Spreading foreign operations and outsourcing relationships over a broad, well-balanced mix of regions and countries reduces risk and increases potential reward.
For companies considering offshoring, there are dangers in taking too narrow a geographical view, say the authors. Every country presents a different mix of strengths and weaknesses. One country may, for instance, have very low labor costs but a high degree of political instability and a small domestic market. Another might offer a wealth of engineering talent but quickly rising labor rates. A third may have robust local markets but intrusive regulatory regimes and a weak transport infrastructure. Currency fluctuations may unexpectedly swell the costs of sourcing from one country, for instance, or a natural disaster may wreak havoc on a critical source of supplies.
The authors suggest that offshoring is no different from any investment program that involves choices with widely divergent cost and benefit characteristics in that it makes sense to create a portfolio that balances risk and reward over both the short and long terms. Their research, canvassing 138 manufacturing executives in sectors ranging from automotive to consumer products to technology, confirms the wisdom of a portfolio approach. It reveals that while many companies confine their offshoring efforts to China and India, 96% of cost leaders are active in countries beyond those two, and nearly half of the leaders have offshore activities in three or more additional countries.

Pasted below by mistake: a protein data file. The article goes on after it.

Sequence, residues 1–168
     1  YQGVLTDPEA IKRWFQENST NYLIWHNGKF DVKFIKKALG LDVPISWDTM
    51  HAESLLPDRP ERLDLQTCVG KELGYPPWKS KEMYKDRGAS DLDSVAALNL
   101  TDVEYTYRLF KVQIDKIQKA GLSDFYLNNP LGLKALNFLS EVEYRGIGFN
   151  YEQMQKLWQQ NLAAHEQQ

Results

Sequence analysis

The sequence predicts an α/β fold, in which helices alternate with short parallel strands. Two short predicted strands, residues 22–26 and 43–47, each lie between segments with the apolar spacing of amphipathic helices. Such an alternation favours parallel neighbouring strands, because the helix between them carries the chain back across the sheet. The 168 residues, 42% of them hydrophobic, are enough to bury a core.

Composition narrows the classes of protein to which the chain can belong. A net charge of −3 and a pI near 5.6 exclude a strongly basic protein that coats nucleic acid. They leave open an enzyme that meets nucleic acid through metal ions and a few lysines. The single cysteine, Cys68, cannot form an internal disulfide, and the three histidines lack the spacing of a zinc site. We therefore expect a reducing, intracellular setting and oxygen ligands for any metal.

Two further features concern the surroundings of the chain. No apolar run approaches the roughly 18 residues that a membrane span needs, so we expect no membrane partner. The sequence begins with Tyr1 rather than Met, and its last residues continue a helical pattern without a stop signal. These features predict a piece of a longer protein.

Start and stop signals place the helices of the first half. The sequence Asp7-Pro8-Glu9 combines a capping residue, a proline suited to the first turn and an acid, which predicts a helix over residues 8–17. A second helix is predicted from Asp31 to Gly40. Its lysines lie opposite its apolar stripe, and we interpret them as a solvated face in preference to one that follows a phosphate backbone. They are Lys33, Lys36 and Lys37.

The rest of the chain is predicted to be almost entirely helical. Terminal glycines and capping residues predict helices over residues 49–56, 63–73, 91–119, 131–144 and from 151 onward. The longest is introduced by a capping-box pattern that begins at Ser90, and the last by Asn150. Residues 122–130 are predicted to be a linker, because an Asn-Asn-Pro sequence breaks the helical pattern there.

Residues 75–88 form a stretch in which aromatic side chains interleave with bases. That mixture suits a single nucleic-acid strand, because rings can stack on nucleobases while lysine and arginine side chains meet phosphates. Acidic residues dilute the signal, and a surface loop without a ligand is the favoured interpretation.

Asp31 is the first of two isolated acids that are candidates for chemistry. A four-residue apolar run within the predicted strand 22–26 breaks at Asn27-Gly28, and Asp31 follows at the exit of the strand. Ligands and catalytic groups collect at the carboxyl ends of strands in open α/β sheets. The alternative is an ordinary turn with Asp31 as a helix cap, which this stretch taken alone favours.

The authors illustrate their argument with a description of the global outsourcing portfolio strategy of U.S.-based conglomerate Emerson Electric. They conclude with a brief discussion of a number of practical steps executives can take to ensure that their portfolios are constructed successfully.